In many ways, Halloween is the most American of holidays: secular, irreverent, and unashamedly consumerist. And as with many American cultural products, it has become a wildly successful export. Starting in the 1970s, American baby boomers teaching English abroad began exposing people around the world—many of whom already had autumn harvest traditions of their own—to pirate costumes, candy corn, and plastic pumpkins. Today the pitch is often more direct, as rapidly expanding global brands such as Disney and McDonald’s foment universal Halloween longing with movie tie-ins and Happy Meal toys. The requisite Halloween episode of every American sitcom—as potent a Westernizer as jeans or Coca-Cola—has also helped spread the holiday by providing how-to manuals for trick-or-treating and dressing up. Today, countries from Japan to Ukraine have embraced American Halloween and its customs.
But even jack-o’-lanterns can sow discontent. In her new book, “Trick or Treat? A History of Halloween,” author and Halloween enthusiast Lisa Morton catalogs the strange and sometimes violent ways people the world over have reacted to our spookiest export. She spoke to Ideas from the Iliad Bookshop in North Hollywood, where she works as a bookseller.
IDEAS: Halloween seems to have caught on across Western Europe, but not France. Why?
MORTON: Halloween seemed like it was going to catch on for a couple years there, but it was actually declared dead by the major French newspapers [in 2006].
They’re kind of anti-American there...[and] Catholicism is still very popular in France. They are very into celebrating All Saints Day...and have always stuck to the tradition of going to cemeteries on November 1st and decorating and cleaning the graves. They didn’t want to give that up.
IDEAS: You note that Eastern European countries haven’t generally gotten into Halloween. Is that also due to religion?
MORTON: Yes, I think so. In Russia, especially, [this conflict] is very interesting because a lot of young Russians consider Halloween this festival [as an opportunity] for celebrating their own creativity. They really love dressing up. They get very into things like body painting and complicated makeup—some of the things they do are just glorious to look at.
But on the other hand, you have the Russian Orthodox Church saying, “No, no, no, it’s not our tradition.” Some places have tried to [bring this together] by saying, “Well, go ahead and dress as a Russian Orthodox character on the 31st.” It doesn’t work out that way.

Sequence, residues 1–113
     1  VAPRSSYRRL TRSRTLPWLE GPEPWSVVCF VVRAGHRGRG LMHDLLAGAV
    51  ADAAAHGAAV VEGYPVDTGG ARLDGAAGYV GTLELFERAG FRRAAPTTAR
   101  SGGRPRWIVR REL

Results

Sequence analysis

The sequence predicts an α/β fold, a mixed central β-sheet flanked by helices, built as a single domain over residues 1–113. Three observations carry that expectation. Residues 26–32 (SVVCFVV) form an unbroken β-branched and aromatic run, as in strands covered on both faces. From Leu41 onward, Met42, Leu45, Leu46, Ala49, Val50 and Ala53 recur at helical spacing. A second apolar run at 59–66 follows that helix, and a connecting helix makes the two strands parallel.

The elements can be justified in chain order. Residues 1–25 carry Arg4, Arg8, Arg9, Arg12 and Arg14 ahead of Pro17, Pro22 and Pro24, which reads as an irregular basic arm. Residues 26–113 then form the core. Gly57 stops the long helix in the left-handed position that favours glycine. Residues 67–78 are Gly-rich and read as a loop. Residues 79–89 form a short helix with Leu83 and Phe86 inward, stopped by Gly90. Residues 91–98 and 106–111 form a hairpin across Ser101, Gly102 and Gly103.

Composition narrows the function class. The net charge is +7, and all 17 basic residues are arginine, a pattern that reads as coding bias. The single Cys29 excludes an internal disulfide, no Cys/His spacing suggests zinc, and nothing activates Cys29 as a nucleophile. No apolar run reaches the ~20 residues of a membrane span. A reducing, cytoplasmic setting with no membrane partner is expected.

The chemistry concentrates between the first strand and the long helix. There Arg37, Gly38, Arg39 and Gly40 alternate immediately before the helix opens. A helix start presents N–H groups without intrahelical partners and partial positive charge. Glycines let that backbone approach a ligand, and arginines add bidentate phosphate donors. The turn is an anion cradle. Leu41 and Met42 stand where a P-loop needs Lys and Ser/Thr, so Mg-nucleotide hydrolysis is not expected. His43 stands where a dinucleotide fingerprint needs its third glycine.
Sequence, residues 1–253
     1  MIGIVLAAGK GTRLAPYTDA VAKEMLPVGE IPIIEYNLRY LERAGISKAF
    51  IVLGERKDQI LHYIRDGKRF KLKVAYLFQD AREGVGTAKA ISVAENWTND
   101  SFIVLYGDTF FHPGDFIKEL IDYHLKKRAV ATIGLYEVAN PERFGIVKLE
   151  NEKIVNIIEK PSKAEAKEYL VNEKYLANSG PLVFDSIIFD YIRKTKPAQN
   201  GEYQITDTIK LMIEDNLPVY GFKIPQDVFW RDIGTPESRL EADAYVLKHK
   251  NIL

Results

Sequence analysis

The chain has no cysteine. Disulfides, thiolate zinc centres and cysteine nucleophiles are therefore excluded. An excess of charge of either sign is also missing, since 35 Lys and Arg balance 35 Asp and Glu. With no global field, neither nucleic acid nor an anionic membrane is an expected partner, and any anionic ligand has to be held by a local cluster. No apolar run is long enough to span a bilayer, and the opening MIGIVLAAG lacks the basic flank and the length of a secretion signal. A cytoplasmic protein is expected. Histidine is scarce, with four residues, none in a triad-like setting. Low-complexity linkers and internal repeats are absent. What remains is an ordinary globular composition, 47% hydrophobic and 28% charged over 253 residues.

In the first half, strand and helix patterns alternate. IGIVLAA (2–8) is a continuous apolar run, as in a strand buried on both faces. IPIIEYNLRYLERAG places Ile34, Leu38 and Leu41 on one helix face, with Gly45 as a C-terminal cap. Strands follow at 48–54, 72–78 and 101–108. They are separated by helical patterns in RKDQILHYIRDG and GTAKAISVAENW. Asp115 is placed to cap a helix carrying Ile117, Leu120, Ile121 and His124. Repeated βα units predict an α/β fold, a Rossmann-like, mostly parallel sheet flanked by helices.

In some of the other Eastern European areas like Ukraine, they found that they love to celebrate it. [They stage] huge performances of Michael Jackson’s “Thriller”—they’ll have parades, and they’ll suddenly have a flash mob doing the “Thriller” dance.
But they don’t like pumpkins; [giving someone] a pumpkin is a traditional way of saying “I’m not interested in you.”
IDEAS: What about Muslim countries?
MORTON: It’s not celebrated in any of the countries where Islam is the main religion, but there was an interesting WikiLeaks document that came to light within the last year that said that [a group of wealthy citizens] had broken the taboos with a secret Halloween party in Saudi Arabia, complete with alcohol and costumes.
IDEAS: You mention the South African head of the Christian Action Network protested Halloween by shooting trick-or-treaters with a paintball gun. Have there been more violent responses?
MORTON: Not really, but there have been a lot of op-ed pieces. There haven’t been organized protests, but I have heard of protests where people have wanted to celebrate Halloween. There was a group of 17 who protested in Australia a few years ago, but it seemed like it was a marketing stunt, [since] the guy who was in charge of it owned a costume company.
South Africa is the only place in the Southern hemisphere where Halloween is really catching on. They have a lot of sporting events that have made it more popular there. They have motocross and rave celebrations, and they’re embracing it as a youth culture thing.
IDEAS: England and mainland China both have longstanding autumn traditions, and yet both countries seem are enthusiastic about Halloween.
MORTON: In Britain, the major public holiday used to be Guy Fawkes Day...that was celebrated on November 5th with things like bonfires and fireworks....I think that made Halloween seem preferable. The idea of having pumpkins and costumes and parties seemed much more appealing than burning down your neighborhood.
In mainland China, one of the reasons Halloween is catching on with young people was because they far prefer it to their own Hungry Ghost festival...[during which] their dead ancestors return for three days, and so they set out plates of food and they burn paper money so they can take that back to the afterworld with them. The Hungry Ghost festival is actually really scary—you can see why orange pumpkins and green witches would be much more entertaining than that.
Eugenia Williamson is a writer and editor living in Somerville.